I think what changes over time is you get better at deciding what’s important and you’ve just got to be constantly doing that. For me the greatest achievement is not in any one company, but this realization that you can go after what you’re passionate about and live an awesome life with your family—and you can do it all. That is the achievement.

It just takes work to be constantly prioritizing, You can’t go to every single board meeting. So, you end up becoming ruthless with your time and end up thinking about where you can have big impact and where can you be unforgettable.

So you don’t assume the “work hard, play hard” mentality?

I don’t believe it’s all about work. I don’t believe the only way you can be successful is if you are 99% all the time. At League, “work really hard, play really hard” doesn’t really work. It’s not sustainable. You can do it for a year, but it doesn’t attract the diversity of people that you need to be successful.

We’re over 50% women. If it’s just a bunch of dudes hanging out all day, you’re not getting all kinds of people to want to play in that environment. The approach that we take to building the company is not one where we want to crush people. That’s what people think of startups. I don’t buy it.

There is an ongoing conversation of Canadian brain-drain to the valley. As someone who started their career in the US, what are your thoughts on young Canadians starting out abroad.

I think Canadians have an opportunity to head down to the valley, either to work on something new or something that’s been around for awhile and just drink the Kool-Aid. It provides an understanding for how the world works and the level of play. And then coming back—or being a positive contributor by not coming back—I don’t think that’s a bad thing.

I went through the valley, I did my 10 years, but then I came back and I created thousands of jobs. And I’m still doing that. Would I have been able to do that if I didn’t do my particular tour? Probably not. Not in the same way. I think we need to be a little bit more open minded, in general.

That said, you were also an early catalyst for the Vector Institute, which seeks to retain Canadian talent to enable and sustain AI-based economic growth in Canada.

With Vector, it’s like we found Kryptonite, and we don’t have it by accident. We have it because there’s 20 years of research grants and investments. The idea of creating Vector started on a dock in Muskoka two years ago where I said, “We can’t be great at everything. We are great at a few things, one of them is AI.” We’re going to bring incubators, accelerators and commercialization and call it a super cluster and that’s something we should be great at.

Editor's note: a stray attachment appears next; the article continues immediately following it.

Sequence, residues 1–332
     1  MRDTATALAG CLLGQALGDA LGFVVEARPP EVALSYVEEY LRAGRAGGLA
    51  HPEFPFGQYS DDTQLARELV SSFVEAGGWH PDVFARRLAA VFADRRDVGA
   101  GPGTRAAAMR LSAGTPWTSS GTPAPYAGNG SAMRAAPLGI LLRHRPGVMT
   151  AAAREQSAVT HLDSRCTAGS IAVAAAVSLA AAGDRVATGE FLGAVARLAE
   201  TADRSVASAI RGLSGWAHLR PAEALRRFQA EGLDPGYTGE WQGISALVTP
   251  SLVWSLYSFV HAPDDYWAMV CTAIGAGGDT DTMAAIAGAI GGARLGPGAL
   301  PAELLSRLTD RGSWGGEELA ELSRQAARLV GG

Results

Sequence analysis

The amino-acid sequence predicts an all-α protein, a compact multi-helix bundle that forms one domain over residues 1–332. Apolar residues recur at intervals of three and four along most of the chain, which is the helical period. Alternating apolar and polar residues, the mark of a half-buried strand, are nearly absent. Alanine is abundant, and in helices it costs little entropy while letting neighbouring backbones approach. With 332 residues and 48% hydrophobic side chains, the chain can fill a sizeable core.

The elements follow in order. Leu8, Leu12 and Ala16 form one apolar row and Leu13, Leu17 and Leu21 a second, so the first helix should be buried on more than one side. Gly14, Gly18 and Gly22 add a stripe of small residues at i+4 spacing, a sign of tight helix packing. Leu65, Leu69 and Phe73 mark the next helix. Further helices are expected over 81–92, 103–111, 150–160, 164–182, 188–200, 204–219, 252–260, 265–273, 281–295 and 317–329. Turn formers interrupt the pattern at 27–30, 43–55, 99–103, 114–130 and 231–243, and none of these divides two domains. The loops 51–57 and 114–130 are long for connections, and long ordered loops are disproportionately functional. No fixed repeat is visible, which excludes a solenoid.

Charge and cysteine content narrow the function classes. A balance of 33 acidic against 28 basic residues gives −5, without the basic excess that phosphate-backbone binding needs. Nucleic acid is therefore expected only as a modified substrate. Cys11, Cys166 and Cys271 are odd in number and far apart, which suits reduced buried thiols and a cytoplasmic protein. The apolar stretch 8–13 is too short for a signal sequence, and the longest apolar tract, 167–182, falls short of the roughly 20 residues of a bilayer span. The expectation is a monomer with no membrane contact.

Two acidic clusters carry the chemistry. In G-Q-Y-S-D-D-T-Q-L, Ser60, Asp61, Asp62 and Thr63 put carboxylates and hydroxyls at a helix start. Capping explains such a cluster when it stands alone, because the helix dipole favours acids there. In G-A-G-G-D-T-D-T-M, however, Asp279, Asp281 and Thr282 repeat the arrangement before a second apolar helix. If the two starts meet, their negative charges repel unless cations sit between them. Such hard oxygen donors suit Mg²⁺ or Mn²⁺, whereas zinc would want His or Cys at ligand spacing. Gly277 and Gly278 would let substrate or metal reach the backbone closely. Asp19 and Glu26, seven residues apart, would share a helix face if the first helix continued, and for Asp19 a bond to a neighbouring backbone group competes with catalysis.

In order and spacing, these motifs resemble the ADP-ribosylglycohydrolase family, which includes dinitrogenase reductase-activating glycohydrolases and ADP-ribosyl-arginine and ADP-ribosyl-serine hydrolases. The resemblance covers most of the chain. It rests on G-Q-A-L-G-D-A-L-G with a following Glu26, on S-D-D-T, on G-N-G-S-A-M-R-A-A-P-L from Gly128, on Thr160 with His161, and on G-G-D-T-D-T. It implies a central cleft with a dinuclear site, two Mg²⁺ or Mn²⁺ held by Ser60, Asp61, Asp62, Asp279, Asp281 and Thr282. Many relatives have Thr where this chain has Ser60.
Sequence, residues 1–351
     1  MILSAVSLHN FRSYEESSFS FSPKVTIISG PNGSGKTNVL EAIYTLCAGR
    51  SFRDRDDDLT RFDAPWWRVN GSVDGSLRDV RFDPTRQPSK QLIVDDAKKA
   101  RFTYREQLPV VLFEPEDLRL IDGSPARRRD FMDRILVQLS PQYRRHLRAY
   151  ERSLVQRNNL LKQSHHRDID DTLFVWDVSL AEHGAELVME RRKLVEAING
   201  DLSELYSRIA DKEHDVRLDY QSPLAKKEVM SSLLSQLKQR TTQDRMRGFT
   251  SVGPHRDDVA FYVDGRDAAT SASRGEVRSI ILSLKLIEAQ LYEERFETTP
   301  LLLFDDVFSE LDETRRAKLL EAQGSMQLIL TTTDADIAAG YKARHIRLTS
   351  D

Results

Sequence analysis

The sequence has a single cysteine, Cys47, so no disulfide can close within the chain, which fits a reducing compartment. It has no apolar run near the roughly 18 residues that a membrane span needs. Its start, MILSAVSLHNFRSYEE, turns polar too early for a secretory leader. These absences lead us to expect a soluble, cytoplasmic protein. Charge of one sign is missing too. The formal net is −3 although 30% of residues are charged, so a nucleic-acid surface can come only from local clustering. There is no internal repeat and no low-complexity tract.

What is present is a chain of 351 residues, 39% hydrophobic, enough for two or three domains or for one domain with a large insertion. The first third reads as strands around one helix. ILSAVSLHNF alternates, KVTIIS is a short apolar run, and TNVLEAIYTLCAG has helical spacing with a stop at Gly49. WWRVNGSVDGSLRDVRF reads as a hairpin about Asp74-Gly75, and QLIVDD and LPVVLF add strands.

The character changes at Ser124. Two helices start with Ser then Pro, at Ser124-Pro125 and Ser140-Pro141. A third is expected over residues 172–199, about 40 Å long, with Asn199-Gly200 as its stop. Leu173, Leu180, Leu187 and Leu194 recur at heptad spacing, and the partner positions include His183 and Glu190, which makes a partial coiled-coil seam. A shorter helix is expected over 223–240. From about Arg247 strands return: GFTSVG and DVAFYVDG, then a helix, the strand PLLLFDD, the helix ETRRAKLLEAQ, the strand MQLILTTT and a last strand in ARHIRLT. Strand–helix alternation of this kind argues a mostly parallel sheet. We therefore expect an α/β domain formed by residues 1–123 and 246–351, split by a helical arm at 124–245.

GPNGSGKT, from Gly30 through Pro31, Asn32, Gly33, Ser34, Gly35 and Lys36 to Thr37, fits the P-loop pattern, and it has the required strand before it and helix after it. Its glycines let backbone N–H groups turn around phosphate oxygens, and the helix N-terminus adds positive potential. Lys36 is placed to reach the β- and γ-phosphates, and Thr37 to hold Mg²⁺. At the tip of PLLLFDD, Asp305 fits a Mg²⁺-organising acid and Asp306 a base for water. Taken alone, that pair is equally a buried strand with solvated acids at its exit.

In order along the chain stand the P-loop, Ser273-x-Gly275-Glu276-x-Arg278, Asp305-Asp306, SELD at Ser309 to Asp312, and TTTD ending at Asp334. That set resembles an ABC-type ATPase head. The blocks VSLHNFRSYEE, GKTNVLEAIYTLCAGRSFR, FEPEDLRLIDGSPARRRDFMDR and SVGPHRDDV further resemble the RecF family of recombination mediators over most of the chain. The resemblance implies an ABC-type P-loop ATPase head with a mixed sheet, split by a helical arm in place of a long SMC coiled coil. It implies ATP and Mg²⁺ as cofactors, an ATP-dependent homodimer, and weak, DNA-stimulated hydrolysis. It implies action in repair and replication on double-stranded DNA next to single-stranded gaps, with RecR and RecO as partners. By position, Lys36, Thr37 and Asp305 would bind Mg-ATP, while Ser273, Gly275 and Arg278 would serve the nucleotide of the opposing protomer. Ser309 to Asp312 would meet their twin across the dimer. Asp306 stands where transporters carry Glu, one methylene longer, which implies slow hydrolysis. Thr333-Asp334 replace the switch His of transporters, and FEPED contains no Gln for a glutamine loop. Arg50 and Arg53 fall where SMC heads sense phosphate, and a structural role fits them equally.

So you’re not only preventing some people from leaving, you’re attracting a ton of people. I put out this prediction at the beginning of the year that we’ll see at least 100 corporate AI labs show up in Toronto this year because of Vector. Hundreds of corporate AI labs will move to Canada and either bring people with them or hire local people and I thought that’s a good thing.

Your old pal Musk has plans to colonize Mars. What is your big dream?

Haha yeah. The moonshot maybe is transhumanism – living to 200 years. There’s new stem cell therapies actually being developed in this (MaRS) building and we’re one of the leaders in stem cell and regenerative medicine. We’re going to extend life. I don’t talk about this (laughing) this is actually the first time I’ve ever said this to anybody. I think there is this life extension moonshot that someone should own and no one has really claimed it yet.

Healthcare is going to become better, personalized, and you should be able to live longer out of that. And whether it’s 150 or 200 years, I just think we will. We were living until 40 until 100 years ago. Is it not insane to think that it’s going to go up? Real bio signals are starting to emerge from devices that are not only from devices that you wear, but devices that can be embedded in you – your blood, your eyes or your ears. We’re headed there. We’re going to become bionic. Those crazy ideas, the moment you set an intention, are not so crazy.

This interview has been edited and condensed for clarity by Kate CornickPhoto by Matt Odynski.

Recommended